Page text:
EU Elections: How The 'Homophobic' Far-Right Fared

Anti-LGBT+ right-wing candidates from the UK, Spain and Italy are set to gain seats.

Submitting a vote against a background of the EU flag following the rise of the alt-right

The emergence of the far-right over recent years has reignited anti-LGBT+ rhetoric within political discourse, threatening the accomplishments of the Pride movement with regards to marriage equality, abuse, and under-representation.

Various right-wing nationalist parties have been making gains across Europe, and the run-up to the elections has been tinged with anticipation surrounding the issues that are at stake.

The ongoing results for this year’s elections so far have shown that there will be significantly more representation of nationalist and far-right parties than previous years, with a number of elected candidates reported to have espoused homophobic views.

 

Italy

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Matteo Salvini of the right-wing anti-immigration Lega Nord (North League) party has topped the election polls for Italy. The party has become known for its conservative views; last year, Lorenzo Fontana, also a member of Lega Nord, claimed that families with LGBT+ parents “don’t exist” and should not be legally recognised.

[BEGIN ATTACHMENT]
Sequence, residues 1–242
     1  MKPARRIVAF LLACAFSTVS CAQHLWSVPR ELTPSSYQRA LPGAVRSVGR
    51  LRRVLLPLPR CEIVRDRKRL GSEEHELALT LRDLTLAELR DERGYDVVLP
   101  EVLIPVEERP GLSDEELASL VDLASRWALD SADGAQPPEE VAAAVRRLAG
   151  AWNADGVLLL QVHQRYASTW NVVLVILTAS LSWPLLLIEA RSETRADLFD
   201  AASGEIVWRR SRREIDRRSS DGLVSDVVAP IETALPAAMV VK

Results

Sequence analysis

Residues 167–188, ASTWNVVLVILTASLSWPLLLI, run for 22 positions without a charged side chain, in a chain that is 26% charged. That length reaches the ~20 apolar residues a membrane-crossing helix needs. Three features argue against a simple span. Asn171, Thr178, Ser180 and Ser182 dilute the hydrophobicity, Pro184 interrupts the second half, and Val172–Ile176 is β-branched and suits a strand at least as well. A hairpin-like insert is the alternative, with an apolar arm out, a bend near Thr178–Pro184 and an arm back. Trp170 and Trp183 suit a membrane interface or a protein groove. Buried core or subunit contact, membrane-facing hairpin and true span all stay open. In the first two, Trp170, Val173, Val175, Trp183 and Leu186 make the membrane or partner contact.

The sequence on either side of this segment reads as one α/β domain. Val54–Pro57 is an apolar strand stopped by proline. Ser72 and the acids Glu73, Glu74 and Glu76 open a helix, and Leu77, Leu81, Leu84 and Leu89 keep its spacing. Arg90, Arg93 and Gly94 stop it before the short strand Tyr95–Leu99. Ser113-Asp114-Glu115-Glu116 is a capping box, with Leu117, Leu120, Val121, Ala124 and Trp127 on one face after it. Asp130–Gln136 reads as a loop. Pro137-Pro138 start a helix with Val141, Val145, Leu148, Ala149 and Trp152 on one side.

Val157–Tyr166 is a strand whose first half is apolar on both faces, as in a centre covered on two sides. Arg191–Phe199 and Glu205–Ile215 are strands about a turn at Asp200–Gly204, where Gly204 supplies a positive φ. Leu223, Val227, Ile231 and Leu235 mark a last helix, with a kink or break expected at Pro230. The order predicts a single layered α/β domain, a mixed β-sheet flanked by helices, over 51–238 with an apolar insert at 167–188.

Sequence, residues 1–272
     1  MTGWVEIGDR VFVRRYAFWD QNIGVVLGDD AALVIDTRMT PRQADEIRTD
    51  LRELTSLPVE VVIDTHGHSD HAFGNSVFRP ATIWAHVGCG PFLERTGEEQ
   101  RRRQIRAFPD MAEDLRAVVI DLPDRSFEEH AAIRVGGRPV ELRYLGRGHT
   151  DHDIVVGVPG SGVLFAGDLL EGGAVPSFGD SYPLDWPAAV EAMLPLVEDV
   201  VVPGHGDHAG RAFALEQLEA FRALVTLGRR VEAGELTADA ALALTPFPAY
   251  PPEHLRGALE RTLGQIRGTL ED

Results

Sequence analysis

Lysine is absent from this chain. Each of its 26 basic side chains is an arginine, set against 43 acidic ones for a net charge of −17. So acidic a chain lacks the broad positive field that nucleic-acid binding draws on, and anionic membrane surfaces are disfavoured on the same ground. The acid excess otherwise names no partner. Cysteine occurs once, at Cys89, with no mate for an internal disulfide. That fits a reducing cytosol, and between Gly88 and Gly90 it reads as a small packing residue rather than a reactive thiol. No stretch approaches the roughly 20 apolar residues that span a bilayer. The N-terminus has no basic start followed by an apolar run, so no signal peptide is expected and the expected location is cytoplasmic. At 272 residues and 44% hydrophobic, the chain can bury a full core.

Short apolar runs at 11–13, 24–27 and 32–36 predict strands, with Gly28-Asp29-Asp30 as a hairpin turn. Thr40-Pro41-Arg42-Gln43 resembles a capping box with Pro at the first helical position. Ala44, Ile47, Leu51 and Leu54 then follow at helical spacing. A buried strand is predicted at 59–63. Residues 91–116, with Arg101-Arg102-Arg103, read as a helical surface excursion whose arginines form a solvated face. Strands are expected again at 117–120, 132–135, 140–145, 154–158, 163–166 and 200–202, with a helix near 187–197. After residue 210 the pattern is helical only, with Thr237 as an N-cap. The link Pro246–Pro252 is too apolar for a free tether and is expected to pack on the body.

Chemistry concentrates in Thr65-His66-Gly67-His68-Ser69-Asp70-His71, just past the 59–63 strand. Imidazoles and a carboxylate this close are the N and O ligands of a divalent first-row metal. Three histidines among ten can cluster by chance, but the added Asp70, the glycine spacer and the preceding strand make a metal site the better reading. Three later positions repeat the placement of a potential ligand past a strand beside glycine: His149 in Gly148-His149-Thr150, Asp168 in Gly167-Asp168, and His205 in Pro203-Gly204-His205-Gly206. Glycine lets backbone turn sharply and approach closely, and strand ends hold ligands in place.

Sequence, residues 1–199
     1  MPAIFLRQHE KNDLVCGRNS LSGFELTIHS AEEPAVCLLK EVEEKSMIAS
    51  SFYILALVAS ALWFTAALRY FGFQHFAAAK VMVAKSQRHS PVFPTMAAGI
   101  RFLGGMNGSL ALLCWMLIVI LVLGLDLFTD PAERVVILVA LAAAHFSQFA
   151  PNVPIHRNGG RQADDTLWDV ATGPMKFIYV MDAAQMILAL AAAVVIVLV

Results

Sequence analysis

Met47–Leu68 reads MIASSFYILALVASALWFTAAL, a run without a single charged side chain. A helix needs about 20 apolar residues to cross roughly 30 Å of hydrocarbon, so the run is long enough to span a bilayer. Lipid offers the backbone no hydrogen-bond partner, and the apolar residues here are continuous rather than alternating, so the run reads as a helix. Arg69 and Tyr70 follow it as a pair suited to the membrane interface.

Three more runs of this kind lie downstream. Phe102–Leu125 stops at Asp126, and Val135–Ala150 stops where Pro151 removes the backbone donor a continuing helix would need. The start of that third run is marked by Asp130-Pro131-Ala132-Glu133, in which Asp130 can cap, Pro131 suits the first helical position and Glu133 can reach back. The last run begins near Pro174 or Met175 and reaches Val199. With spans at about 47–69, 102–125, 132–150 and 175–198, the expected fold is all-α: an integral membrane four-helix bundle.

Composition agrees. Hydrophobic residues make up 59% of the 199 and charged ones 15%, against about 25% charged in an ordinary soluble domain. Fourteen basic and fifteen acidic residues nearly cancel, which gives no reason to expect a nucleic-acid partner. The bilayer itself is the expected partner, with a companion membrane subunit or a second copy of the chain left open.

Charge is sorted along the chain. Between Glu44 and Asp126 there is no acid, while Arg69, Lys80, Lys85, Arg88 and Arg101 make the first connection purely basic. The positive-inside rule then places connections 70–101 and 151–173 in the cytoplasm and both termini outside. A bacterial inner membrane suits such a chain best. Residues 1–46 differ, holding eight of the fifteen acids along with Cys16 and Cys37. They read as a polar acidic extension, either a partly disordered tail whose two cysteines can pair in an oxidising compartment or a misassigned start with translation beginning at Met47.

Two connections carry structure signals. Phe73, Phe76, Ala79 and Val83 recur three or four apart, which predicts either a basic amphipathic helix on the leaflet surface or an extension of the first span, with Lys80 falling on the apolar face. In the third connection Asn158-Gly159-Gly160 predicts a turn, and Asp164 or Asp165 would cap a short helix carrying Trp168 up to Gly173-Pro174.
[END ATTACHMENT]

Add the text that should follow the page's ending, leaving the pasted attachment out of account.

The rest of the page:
UK

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Anne Widdecombe of the Brexit party has been elected as the MEP for the south west of England. A former Big Brother contestant, Widdecombe is known for her staunch anti-LGBT+ position and had clashed with Courtney Act over various LGBT+ issues on the show.

Recently, she has remarked on the struggle for transgender rights as “lunacy” and has supported business who have refused to serve LGBT+ customers.

Spain

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Various candidates ran for the far-right VOX party in the EU elections. Javier Ortega Smith, the Madrid Candidate for VOX argued earlier this month that the Madrid Pride Parade should be moved away from the city and into suburbs to avoid “problems and traffic jams”. He has also opposed state-funding for Madrid Pride and suggested that organisers should pay for the clean-up.

VOX is currently in third place, having gained 6.2% of the vote thus far.

Various other right-wing nationalist parties from France, Slovenia and Hungary are set to gain seats in the European Parliament. These new gains for the right-wing establishment have marked a shift in the European political landscape, with a number of elected candidates tolerant of anti-LGBT+ ideas.

© 2019 GCN (Gay Community News). All rights reserved.

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